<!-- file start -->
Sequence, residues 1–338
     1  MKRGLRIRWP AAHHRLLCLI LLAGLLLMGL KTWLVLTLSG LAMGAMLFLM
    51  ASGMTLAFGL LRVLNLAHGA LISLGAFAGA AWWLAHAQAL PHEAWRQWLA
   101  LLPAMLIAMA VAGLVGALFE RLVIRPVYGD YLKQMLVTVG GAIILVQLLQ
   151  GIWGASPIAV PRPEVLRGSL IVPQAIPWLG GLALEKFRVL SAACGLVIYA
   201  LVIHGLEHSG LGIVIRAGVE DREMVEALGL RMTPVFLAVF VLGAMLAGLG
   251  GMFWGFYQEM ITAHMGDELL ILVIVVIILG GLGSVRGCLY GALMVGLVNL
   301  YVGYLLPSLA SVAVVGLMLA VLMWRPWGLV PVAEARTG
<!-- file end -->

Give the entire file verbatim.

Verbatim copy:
Sequence, residues 1–338
     1  MKRGLRIRWP AAHHRLLCLI LLAGLLLMGL KTWLVLTLSG LAMGAMLFLM
    51  ASGMTLAFGL LRVLNLAHGA LISLGAFAGA AWWLAHAQAL PHEAWRQWLA
   101  LLPAMLIAMA VAGLVGALFE RLVIRPVYGD YLKQMLVTVG GAIILVQLLQ
   151  GIWGASPIAV PRPEVLRGSL IVPQAIPWLG GLALEKFRVL SAACGLVIYA
   201  LVIHGLEHSG LGIVIRAGVE DREMVEALGL RMTPVFLAVF VLGAMLAGLG
   251  GMFWGFYQEM ITAHMGDELL ILVIVVIILG GLGSVRGCLY GALMVGLVNL
   301  YVGYLLPSLA SVAVVGLMLA VLMWRPWGLV PVAEARTG